“All of the cases are saying that these individuals are workers. I can’t see that changing. Although they have been appealed, my prediction is that the court will side with the argument that they are workers, who the ongoing government-led Taylor Review of Modern Working Practices wants to give basic rights to,” he said.
Travers Smith senior associate Alex Fisher discusses the recent Taylor Review and the associated legal challenges facing the booming gig economy
Posted by Legal Cheek on Tuesday, 27 March 2018
Another factor slowing down tech-led change is risk and regulatory compliance. Expect this to loom large over blockchain, said e-disclosure expert Woodfall, as the legal profession begins to experiment with its most obvious legal manifestation, smart contracts. “To automate is to supposedly make things quicker, but when it comes to blockchain there are also questions as to what that kicks off,” she added.
Travers Smith e-disclosure manager Nicki Woodfall discusses the potential ramifications of heightened blockchain use in the legal sphere
Posted by Legal Cheek on Monday, 26 March 2018
This is not to say that the panel didn’t expect smart contracts to break through eventually. Reavill told the audience of 100 students that he foresaw them gradually being integrated into the long history of English contract law during their careers, building on documents like standard form contracts which lawyers are responsible for drafting in their original form but are then not needed in their subsequent formulation.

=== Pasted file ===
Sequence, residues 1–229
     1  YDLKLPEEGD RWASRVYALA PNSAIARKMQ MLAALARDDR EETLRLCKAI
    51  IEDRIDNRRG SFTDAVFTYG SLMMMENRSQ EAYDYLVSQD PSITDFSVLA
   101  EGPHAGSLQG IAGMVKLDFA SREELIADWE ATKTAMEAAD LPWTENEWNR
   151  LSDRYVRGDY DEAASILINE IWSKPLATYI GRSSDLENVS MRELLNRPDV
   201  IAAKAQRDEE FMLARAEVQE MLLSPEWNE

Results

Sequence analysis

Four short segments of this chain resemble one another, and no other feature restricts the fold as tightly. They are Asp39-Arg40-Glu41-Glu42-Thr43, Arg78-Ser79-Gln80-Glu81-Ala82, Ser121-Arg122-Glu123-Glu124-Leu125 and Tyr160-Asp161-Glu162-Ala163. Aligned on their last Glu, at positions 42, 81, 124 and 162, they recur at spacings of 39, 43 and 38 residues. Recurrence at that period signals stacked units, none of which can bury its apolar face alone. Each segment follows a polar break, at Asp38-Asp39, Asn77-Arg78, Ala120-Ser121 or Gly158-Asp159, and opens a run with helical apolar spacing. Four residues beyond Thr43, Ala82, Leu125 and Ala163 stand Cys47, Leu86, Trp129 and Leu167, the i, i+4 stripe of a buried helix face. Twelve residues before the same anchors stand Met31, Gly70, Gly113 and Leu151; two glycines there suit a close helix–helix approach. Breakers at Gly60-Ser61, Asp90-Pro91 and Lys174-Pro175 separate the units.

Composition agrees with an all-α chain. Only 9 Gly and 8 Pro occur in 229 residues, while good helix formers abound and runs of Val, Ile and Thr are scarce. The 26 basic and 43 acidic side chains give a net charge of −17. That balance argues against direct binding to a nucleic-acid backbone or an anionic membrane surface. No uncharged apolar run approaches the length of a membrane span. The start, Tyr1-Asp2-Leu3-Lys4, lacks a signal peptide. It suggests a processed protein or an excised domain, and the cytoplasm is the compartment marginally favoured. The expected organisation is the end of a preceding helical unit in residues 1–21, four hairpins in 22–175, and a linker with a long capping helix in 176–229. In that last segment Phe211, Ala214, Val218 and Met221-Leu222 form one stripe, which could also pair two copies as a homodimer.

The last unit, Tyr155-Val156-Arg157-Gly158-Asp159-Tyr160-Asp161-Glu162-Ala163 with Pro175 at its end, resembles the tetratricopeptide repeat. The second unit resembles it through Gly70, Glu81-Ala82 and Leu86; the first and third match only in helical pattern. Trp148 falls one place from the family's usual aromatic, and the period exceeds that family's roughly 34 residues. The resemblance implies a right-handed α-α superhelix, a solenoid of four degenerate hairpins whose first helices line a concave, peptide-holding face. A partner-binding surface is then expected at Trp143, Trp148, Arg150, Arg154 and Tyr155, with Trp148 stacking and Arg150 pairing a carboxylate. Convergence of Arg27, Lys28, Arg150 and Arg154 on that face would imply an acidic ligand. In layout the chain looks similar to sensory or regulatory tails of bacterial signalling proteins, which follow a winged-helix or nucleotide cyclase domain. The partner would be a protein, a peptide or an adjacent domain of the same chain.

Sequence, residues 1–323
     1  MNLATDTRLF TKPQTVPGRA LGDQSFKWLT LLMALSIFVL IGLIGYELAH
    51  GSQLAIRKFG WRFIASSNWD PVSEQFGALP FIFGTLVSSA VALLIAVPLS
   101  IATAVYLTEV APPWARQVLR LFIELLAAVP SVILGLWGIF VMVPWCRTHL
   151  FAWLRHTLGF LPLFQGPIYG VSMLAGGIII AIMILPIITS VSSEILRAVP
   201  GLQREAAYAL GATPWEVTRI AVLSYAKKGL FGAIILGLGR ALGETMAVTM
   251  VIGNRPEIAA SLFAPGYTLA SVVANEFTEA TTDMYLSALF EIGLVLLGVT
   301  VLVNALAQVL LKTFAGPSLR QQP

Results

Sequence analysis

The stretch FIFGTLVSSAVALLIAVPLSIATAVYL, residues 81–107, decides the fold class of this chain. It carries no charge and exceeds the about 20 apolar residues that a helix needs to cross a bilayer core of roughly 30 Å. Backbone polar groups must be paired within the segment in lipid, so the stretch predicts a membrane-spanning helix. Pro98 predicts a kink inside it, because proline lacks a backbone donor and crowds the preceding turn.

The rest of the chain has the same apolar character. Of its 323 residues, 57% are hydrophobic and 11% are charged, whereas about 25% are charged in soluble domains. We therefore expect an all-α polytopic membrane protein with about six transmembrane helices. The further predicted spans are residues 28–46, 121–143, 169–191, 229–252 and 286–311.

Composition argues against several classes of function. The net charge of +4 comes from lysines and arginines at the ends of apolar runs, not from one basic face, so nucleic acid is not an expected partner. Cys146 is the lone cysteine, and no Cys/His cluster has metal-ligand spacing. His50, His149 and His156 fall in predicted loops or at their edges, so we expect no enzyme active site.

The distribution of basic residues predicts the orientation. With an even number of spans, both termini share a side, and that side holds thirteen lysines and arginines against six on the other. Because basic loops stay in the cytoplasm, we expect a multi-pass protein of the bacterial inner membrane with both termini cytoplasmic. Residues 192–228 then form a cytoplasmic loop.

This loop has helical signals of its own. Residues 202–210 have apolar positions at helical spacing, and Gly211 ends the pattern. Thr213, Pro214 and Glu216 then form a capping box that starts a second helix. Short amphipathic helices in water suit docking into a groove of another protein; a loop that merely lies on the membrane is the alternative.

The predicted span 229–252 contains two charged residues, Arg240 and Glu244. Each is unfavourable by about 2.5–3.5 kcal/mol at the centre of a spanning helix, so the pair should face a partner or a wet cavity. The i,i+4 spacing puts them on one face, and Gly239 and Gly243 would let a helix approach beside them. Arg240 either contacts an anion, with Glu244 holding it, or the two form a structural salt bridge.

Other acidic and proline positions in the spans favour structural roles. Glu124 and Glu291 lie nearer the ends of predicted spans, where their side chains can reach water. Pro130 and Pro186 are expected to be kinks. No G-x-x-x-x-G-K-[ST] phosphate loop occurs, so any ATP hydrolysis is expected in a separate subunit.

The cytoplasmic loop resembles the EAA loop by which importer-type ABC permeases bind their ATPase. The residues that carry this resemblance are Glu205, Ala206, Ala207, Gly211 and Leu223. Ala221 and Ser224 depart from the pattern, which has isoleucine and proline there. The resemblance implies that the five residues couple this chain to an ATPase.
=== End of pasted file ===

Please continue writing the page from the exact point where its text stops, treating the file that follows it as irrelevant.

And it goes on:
Ultimately, in a service industry like the law, the shape of change will be moulded by clients. So what comes next in the more immediate term? Woodfall predicted demand for consolidation of lawtech products into merged platforms that are more convenient to use and for clients to monitor. With his sights a bit further down the track, Stannard wondered if a company would be able to master natural language processing.
However, the big driver for disruption in 2018 may well come from outside the world of technology. Look instead, said Clark, to a traditional global economic fundamental: US government policy, where President Trump’s tax cuts represent “an enormous, once in a generation change”. Watch this space to see how the world’s companies respond — and what that means for their legal advisers.